Monday, December 22, 2014

Beetles in an Oyster

Crazy oyster log
It has been a good year for oyster mushrooms, Pleurotus ostreatus, a common and much loved edible species.  Through the generosity of Mark Bower sharing his finds, we had so many that Barb groaned when I brought home another batch.  It turns out that we aren't the only ones that eat them.
Underside of an oyster shows it gills
Oysters do not live just to please our palates.  They are important saprophytes like many other mushrooms, their fungal rhizomes digesting dying or dead wood.  When a big log breaks apart as you lift it up or step on it, you can thank a fungus.  Imagine how deep the logs would be in our forests without fungi.

Deer, chipmunks, squirrels, box turtles and banana slugs and snails are said to eat oysters but fortunately none of our finds have been chewed up.  What we have seen frequently are tiny 2-3 mm black dots in the gills which on close inspection turn out to be beetles.  This is especially true in older specimens where we will find them in cavities in the stalks as well.

I was curious about the identity of this beetle and tried to find "it."  It turns out there are a lot of beetles that find a home in oysters.  The Peterson Field Guide to Mushrooms description of oyster mushrooms states "specimens collected for the table should be inspected carefully for shiny black beetles which lay their eggs on the gills and beetle larvae, which tunnel into the mushroom flesh."  This isn't to say that the larvae are from the beetles as lots of insects are found in mushrooms, either to eat, eat the eaters, raise babies or because it is just a good place to hang out.

A detailed study of beetles associated with Pleurotus ostreatus described 30 beetle families with 136 species.  Of these, 60% were obligatory mycetobionts, i.e. they require the fungi for food, although not all are limited to P. ostreatus, Some may live and breed entirely within the fungi to complete their life cycle.  Other species are predatory on mycetobionts, some even feeding only on them so that they too are dependent on the mushroom.

P. ostreatus occurs throughout the year in the midwestern United States, allowing the mycetobionts to complete their lifecycle on a sporocarp (fruiting body=mushroom).  Some species seem to specialize in spring or fall oysters.

Decaying oyster mushroom with larvae of tiny flies (Diptera)  REK
Diptera larva- 3mm long
Several families of Diptera (flies) raise their larvae (maggots) on sporocarp flesh.  Some species are even obligatory, requiring the fungus to complete their life cycle.  Again, where there are larvae, there are likely predaceous beetles, eating the larvae while a living in the folds of the sporocarp.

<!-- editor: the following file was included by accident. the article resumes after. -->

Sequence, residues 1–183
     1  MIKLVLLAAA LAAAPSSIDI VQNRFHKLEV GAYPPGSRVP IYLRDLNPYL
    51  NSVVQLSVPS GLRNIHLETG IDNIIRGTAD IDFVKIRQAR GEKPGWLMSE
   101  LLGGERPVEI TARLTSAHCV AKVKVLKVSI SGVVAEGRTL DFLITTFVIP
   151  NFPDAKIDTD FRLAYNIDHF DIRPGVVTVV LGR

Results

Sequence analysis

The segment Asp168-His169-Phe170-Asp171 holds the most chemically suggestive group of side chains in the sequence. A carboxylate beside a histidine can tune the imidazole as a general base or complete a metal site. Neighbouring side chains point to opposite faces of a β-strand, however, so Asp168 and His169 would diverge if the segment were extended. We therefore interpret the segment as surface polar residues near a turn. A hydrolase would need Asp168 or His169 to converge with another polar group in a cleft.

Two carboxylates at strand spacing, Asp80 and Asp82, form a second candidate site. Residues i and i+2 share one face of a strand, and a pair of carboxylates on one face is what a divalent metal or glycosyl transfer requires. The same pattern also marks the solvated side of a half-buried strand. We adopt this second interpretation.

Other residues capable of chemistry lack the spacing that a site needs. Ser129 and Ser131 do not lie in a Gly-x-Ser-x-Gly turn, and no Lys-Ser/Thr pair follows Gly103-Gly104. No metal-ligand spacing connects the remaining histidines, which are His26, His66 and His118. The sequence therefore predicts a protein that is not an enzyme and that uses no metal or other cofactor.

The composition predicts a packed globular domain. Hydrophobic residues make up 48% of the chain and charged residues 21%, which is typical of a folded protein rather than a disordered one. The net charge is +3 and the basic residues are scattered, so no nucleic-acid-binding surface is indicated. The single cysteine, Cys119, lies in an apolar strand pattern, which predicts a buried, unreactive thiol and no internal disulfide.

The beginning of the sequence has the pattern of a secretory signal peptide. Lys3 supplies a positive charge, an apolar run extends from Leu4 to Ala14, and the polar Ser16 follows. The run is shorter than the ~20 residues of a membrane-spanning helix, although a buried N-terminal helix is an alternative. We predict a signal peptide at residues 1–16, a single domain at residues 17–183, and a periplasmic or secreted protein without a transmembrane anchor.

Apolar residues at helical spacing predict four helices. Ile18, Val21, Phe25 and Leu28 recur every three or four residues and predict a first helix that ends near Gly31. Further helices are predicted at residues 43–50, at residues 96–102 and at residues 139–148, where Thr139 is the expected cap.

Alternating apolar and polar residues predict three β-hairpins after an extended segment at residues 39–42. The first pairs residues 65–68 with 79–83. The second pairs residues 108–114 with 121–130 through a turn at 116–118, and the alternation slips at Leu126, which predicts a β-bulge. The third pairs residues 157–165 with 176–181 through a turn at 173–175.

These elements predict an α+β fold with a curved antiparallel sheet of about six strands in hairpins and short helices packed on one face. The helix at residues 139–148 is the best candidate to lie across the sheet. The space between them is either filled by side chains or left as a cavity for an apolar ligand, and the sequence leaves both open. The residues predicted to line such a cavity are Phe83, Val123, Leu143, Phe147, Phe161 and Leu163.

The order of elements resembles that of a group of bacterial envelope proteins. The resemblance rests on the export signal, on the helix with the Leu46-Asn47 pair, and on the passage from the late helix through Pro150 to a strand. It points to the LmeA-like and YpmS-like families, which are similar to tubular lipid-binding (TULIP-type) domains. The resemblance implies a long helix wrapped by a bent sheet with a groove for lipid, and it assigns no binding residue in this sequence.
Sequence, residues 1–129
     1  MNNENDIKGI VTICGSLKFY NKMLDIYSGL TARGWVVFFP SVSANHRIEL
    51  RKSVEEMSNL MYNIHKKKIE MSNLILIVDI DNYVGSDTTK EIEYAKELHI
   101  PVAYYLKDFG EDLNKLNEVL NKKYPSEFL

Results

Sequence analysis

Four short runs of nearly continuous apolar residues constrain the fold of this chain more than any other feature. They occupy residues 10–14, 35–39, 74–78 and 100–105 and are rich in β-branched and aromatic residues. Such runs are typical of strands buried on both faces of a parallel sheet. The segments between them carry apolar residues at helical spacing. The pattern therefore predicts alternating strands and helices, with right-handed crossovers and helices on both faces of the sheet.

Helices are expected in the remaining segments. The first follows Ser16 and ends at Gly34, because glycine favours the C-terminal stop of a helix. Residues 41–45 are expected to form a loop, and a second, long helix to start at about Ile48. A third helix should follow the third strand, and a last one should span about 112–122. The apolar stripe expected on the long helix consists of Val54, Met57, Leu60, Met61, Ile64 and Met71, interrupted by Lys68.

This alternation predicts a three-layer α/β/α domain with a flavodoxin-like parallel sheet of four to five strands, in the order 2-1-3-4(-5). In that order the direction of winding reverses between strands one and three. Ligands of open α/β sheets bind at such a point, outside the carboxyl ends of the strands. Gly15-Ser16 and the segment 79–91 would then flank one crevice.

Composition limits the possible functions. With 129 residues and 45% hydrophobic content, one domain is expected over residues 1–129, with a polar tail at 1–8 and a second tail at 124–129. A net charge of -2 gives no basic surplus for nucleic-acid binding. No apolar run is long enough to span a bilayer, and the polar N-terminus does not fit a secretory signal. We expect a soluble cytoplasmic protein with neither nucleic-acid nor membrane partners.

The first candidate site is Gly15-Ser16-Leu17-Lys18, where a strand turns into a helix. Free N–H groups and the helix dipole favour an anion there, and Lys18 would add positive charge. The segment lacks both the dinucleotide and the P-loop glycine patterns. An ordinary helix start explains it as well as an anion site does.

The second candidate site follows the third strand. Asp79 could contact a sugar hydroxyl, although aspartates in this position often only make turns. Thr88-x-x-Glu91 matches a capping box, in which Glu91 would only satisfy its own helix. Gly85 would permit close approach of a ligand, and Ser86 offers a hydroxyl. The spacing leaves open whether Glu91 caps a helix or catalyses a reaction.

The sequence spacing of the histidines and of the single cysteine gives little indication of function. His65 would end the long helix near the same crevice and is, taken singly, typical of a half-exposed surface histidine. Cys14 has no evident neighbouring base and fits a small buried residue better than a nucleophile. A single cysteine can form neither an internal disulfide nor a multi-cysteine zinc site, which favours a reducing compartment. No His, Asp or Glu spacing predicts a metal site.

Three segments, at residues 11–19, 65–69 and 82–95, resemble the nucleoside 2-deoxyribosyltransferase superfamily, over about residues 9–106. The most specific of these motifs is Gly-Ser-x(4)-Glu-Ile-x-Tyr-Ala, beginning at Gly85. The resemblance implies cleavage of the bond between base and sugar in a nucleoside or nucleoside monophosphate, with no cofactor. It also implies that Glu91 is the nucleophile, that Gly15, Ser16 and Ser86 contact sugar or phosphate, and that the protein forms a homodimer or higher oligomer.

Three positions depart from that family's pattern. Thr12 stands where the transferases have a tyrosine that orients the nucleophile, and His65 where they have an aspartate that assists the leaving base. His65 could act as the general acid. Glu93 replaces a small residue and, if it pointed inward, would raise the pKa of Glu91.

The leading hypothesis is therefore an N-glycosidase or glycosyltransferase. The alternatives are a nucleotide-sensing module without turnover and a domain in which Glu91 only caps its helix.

One of the most commonly found beetles are the Erotylidae family, called the  pleasing fungus beetles.  They lay their eggs on the mushroom and their larvae feed on the fruiting bodies of fungus and thus don't cause visible damage to the oysters we picked.  A simple washing will displace them in fresh oysters - sort of.
A pleasing fungus beetle, Triplax thoracica- John Maxwell
Our beetle unknown
Although most pleasing fungus beetles are black with a reddish-orange color pattern, some are totally brown or black.  Unfortunately, our specimens are black and their antennae and legs are tightly tucked in so consulting Bugguide couldn't identify it.  Ours may be in the  Tritomini family, possibly Triplax sp which specialize in Pleurotus fungi species. Until I get a more cooperative subject and a better camera, this will remain unknown.
The gills extend down along the stalk, an identifying hallmark
Oyster mushrooms can be readily identified by the gills which extend down the short stalk.  There are no lookalikes in Missouri that are poisonous, but as always, you should never eat a mushroom unless you are absolutely certain of the identification.  Even then, occasionally individuals will have an allergic reaction, so it is best to eat only a little bit the first time.

Pleasing Fungus Beetles, Triplax thoracica, is one of four Triplax spp. with the orange-red pronotum.  Eorytlidae of Nebraska, p.59 reports that of the over 1000 specimens reported nation wide, 98% were on Oyster mushrooms, the only fungus that the beetles have been reported to have been raised on.
P.S. 9-10-2017

* Detailed research on the beetles found in oyster mushrooms is found in this paper.